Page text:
The price of Canadian heavy oil has become heavily discounted to U.S. benchmarks since the end of last year. While that may not be welcome news for oil sands producers such as Cenovus Energy Inc. (TSX:CVE)(NYSE:CVE) and Baytex Energy Corp. (TSX:BTE)(NYSE:BTE), what it has done is make transporting crude oil by rail a viable option again. That is very good news for Canada’s two rail companies, Canadian National Railway (TSX:CNR)(NYSE:CNI) and Canadian Pacific Railway (TSX:CP)(NYSE:CP). Understanding what makes a crude-by-rail strategy work The U.S. energy market happens to be a lot bigger than Canada’s, partly because of the number of…
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The price of Canadian heavy oil has become heavily discounted to U.S. benchmarks since the end of last year.
While that may not be welcome news for oil sands producers such as Cenovus Energy Inc. (TSX:CVE)(NYSE:CVE) and Baytex Energy Corp. (TSX:BTE)(NYSE:BTE), what it has done is make transporting crude oil by rail a viable option again.
Understanding what makes a crude-by-rail strategy work
The U.S. energy market happens to be a lot bigger than Canada’s, partly because of the number of people and also because the economy there is a lot larger than Canada’s.
On top of all that, there are more refineries in the U.S. than there are in Canada.
Refineries are an essential part of the energy market, as it’s the refineries that ultimately convert crude oil into consumable products, like gasoline, diesel fuel, and certain chemical products.
All this means that a large percentage of Canada’s energy output needs to make it into the U.S. in some way or another.
The cheapest way to accomplish this is by transporting crude liquids via pipelines — like the ones owned by companies like TransCanada Corporation (TSX:TRP)(NYSE:TRP), Pembina Pipeline Corp. (TSX:PPL)(NYSE:PBA), and Enbridge Inc. (TSX:ENB)(NYSE:ENB).
Because pipelines are the cheapest mode of transportation, they are the first choice for producers.
But right now, there is so much excess oil being pumped out of Canada’s oil sands that the pipelines simply don’t have the capacity to handle it all.
It’s times like these that when the crude-by-rail strategy becomes a viable option.
Reports suggest that when the discount to Canada’s heavy oil, as measured by the Western Canadian Select (WCS) benchmark, exceeds $15-20 per barrel versus the U.S. benchmark, West Texas Intermediate (WTI), it then becomes economical to ship by rail.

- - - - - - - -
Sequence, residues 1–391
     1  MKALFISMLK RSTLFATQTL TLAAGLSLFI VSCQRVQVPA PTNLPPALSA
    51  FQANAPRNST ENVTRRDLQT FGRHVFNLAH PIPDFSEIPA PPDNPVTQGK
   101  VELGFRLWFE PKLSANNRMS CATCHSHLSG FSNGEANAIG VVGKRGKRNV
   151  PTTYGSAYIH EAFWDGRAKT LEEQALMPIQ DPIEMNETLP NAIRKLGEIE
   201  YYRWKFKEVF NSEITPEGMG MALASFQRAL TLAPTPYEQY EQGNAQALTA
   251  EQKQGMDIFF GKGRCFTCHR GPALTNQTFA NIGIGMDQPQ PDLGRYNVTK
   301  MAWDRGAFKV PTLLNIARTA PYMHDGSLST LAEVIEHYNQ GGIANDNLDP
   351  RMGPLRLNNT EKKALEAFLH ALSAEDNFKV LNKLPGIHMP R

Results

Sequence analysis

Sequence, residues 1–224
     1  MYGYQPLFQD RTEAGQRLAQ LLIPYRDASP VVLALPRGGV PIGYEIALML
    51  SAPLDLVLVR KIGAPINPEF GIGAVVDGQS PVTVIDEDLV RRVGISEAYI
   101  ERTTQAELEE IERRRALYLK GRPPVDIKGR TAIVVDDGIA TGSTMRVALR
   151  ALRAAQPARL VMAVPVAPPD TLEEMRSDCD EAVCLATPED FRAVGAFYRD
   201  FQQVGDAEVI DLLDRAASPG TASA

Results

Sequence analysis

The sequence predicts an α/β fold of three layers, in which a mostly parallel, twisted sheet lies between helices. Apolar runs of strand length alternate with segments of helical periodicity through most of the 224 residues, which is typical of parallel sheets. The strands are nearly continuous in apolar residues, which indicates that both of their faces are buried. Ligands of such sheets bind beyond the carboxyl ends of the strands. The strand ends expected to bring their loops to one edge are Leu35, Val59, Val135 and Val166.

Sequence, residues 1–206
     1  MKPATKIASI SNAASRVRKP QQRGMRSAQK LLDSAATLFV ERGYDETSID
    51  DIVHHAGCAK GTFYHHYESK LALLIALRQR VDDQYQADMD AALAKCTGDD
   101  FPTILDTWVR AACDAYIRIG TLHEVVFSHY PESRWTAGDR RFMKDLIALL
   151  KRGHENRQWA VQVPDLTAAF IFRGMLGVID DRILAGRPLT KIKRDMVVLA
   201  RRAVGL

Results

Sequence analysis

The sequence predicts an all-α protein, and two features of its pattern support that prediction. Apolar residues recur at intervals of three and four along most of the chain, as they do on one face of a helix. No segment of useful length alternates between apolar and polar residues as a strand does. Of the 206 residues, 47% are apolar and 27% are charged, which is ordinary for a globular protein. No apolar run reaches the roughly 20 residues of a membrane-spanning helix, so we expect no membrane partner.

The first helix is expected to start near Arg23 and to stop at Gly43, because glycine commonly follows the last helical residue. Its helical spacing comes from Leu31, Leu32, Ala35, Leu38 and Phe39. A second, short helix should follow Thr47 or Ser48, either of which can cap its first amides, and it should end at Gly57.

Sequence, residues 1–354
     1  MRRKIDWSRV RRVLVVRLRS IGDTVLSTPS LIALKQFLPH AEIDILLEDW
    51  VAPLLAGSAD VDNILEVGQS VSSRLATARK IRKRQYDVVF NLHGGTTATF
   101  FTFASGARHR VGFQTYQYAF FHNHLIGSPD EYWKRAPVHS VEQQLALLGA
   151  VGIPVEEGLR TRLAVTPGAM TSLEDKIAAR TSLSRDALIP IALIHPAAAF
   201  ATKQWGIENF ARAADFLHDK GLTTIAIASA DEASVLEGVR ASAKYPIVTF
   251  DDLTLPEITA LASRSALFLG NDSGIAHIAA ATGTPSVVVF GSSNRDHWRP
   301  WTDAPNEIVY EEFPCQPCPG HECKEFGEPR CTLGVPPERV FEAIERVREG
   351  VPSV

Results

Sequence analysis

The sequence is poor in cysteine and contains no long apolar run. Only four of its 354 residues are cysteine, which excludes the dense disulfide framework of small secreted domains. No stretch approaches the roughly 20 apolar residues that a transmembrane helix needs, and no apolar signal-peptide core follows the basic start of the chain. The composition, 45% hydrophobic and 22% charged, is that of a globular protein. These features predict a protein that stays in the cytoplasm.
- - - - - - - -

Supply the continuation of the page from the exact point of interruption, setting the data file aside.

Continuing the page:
Today, that gap between WCS and WTI sits just shy of $29 per barrel, so it’s easy to envision a scenario where Canada’s producers may be shipping product through Canada’s two railways for some time.
Canada’s pipelines are already at capacity
There are several projects underway right now that could help address the capacity issue, but none of them are expected to come online in time to deal with the problem in 2018.
Kinder Morgan Canada Ltd. (TSX:KML) is planning its $7.4 billion Trans Mountain expansion, but that project isn’t expected to be completed until 2019.
TransCanada has big plans for its Keystone XL project, and Enbridge is planning its biggest expansion project ever with the Line 3 replacement plan, but both of those still need to get past regulators.
Meanwhile, on its fourth-quarter conference call, Enbridge CEO Al Monaco said that even after its Line 3 project is completed, the company expects its pipelines to be at full capacity through 2020.
The railway industry has been on a “roll” for the past decade, raking in records sales and profits and handsomely rewarding shareholders along the way.
So, it’s not as though they even needed a boost, but 2018 may be as good a time as any to add to your holdings in rail companies.
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Fool contributor Jason Phillips owns shares in Cenovus Energy Inc. David Gardner owns shares of Canadian National Railway. The Motley Fool owns shares of Canadian National Railway, Enbridge, and Kinder Morgan. Canadian National Railway and Enbridge are recommendations of Stock Advisor Canada. Pembina is a recommendation of Dividend Investor Canada.